The even numbered lines consist of the repeating pattern "\__/ ", truncated to $W characters. The second line of output is a special case, where the first character of the second line should be a space instead of a \.

The odd numbered lines consist of the repeating pattern "/ \__", truncated to $W characters.

We construct a string: " " . "__/ \" x 99. Note that the beginning of this string is the desired output for the second line. This line starting at position 3 is the desired output for the odd lines, and starting at position 6 for the even numbered lines.

The LIST argument to the map call begins with 0 and is followed by H repetitions of (3,6). The map call creates a list of the substrings that begin at the appropriate positions and are $W = 3 * W + 1 characters long.

There is one more adjustment to make before printing the results. If W is odd, then there is an extra character on the second line ($P[0]) that needs to be chopped off. If W is even, then there is an extra character on the bottom line ($P[-1]) to chop.

share|improve this answer
3  
I knew Python wouldn't be beating Perl for long. –  Chris Lutz Oct 9 '09 at 5:27
    
Do you need the parenthesis around the arguments to map() or did I just shorten your code by 2 characters? –  Chris Lutz Oct 9 '09 at 6:14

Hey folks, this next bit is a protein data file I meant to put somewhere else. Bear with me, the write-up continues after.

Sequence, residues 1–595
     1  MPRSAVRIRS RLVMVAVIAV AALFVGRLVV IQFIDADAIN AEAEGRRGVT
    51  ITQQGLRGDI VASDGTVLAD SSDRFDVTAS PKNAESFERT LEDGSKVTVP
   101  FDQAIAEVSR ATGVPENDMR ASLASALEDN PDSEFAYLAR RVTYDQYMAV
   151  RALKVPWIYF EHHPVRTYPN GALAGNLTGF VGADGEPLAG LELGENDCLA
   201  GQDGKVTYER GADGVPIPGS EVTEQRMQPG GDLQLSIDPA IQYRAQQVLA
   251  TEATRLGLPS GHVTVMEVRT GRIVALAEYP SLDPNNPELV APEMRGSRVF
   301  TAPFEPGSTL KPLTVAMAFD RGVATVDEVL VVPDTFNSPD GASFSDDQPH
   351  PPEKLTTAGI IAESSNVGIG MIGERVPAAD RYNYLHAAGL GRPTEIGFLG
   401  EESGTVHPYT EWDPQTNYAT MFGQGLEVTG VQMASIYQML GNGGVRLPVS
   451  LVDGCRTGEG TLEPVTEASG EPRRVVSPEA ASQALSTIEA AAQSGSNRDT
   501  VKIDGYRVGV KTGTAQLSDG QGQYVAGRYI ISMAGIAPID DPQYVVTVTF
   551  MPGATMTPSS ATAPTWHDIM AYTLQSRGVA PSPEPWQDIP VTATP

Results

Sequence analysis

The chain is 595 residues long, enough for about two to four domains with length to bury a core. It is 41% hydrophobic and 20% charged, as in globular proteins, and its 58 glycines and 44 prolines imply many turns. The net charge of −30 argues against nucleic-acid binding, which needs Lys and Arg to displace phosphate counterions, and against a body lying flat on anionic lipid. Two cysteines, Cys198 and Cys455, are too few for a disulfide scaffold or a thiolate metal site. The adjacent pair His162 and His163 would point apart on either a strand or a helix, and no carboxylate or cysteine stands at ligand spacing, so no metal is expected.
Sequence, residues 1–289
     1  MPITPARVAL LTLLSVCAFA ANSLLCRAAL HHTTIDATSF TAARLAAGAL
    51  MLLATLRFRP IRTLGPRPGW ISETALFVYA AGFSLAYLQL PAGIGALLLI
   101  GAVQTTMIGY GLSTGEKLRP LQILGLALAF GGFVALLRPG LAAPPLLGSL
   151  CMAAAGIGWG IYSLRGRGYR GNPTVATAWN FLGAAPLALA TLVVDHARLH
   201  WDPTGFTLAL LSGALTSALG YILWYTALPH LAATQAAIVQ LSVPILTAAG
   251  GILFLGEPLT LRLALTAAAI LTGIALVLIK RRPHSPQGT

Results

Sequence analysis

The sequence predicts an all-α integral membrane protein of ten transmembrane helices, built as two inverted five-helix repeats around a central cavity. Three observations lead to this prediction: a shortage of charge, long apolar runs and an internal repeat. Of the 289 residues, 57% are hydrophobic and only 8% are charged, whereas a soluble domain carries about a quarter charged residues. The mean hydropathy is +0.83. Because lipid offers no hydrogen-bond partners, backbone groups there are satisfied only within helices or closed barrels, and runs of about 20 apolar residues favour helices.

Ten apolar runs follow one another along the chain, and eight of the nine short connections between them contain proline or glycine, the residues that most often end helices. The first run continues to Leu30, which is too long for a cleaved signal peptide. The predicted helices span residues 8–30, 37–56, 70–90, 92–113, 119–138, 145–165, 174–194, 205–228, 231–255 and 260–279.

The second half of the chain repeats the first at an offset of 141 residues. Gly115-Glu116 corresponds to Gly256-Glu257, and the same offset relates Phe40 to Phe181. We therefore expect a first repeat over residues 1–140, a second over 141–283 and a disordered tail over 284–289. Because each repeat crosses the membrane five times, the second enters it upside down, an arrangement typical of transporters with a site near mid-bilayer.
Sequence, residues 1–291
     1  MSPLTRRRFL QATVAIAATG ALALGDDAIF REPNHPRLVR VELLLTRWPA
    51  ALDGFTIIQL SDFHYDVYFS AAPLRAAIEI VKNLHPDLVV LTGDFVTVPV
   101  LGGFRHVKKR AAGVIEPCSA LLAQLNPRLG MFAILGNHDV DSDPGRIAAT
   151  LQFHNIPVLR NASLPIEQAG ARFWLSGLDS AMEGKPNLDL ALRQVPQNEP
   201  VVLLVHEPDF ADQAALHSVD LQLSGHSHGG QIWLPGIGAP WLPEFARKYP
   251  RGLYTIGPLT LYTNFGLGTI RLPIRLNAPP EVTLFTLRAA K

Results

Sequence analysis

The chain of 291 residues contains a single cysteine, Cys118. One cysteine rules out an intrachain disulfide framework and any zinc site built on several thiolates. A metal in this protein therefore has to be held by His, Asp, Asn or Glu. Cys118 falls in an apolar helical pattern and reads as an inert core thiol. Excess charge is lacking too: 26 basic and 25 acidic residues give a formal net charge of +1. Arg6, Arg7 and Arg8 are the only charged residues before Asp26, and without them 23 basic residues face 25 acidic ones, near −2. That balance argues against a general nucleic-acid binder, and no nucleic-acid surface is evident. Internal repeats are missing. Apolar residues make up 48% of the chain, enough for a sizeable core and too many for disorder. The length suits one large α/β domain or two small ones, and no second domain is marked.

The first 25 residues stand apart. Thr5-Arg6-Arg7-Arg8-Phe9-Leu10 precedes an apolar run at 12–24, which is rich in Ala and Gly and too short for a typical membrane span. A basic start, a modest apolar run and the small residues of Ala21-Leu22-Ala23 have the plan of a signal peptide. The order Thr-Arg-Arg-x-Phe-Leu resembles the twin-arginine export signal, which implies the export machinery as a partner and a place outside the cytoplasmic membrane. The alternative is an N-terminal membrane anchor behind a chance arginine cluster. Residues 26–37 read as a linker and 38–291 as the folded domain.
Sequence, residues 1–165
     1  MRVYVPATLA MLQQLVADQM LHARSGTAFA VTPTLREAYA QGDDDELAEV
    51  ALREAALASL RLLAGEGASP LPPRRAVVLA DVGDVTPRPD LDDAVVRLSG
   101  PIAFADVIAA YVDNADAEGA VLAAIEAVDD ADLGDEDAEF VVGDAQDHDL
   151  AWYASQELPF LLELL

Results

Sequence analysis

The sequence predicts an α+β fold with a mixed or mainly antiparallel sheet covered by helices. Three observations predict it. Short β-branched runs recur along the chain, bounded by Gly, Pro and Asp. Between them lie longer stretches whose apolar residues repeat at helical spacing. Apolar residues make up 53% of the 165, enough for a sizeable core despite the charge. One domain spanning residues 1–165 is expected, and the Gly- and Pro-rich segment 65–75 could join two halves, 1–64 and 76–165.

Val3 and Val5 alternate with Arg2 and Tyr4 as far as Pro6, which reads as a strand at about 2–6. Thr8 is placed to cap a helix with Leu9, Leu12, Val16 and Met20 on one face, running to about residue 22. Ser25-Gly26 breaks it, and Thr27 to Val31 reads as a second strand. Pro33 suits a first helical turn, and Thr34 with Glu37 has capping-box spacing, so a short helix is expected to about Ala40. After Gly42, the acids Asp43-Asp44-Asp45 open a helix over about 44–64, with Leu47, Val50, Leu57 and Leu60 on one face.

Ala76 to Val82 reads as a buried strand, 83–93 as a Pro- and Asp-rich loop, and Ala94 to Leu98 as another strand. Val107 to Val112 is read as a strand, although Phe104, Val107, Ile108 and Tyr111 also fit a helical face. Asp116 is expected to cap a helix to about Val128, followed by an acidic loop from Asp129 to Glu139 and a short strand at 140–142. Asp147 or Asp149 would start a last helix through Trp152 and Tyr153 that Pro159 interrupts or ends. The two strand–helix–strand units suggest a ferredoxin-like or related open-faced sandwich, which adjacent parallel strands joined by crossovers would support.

Apparently you do not need them. The parentheses in substr() are unnecessary too -- down to 113. –  mob Oct 9 '09 at 6:21
    
You might change the first line to $_=<>;($W,$H)=split; - it's not any shorter, but it plays nicer with whitespace (entering 2 3 will still be valid). –  Chris Lutz Oct 9 '09 at 6:35
    
Also, you can change $"=$/;print"@P" to $,=$/;print@P and shave the two quotation marks. –  Chris Lutz Oct 9 '09 at 6:37

Python 2.6 - 144 characters including newlines

I can save about 20 more characters if the inputs are allowed to be comma separated.

C,R=map(int,raw_input().split())
print C/2*"    __"+"\n "+("__/  \\"*99)[:3*C-C%2]
r=0
exec'r+=3;print ("\__/  "*99)[r:r+3*C+1-r/6/R*~C%2];'*2*R

The version that takes input from the command line is 4 more bytes:

import sys
C,R=map(int,sys.argv[1:])
print C/2*"    __"+"\n "+("__/  \\"*99)[:3*C-C%2]
r=0
exec'r+=3;print ("\__/  "*99)[r:r+3*C+1-r/6/R*~C%2];'*2*R
share|improve this answer
    
Put the character count in the header part and it'll be better noticed. –  strager Oct 8 '09 at 22:14
    
Thanks, I've done it. –  recursive Oct 8 '09 at 22:22
    
Python doesn't automatically parse the command line arguments as a list? –  Mark Canlas Oct 8 '09 at 22:43
    
i assumed input was on stdin, not command line arguments. –  recursive Oct 9 '09 at 3:51
    
Show us your command line argument solution, too. –  mob Oct 9 '09 at 6:22

C89 (136 characters)

x;y;w;main(h){for(h=scanf("%d%d",&w,&h)*h+2;y++
<h;++x)putchar(x>w*3-(y==(w&1?2:h))?x=-1,10:
"/  \\__"[--y?y-1|x?(x+y*3)%6:1:x%6<4?1:5]);}
share|improve this answer
2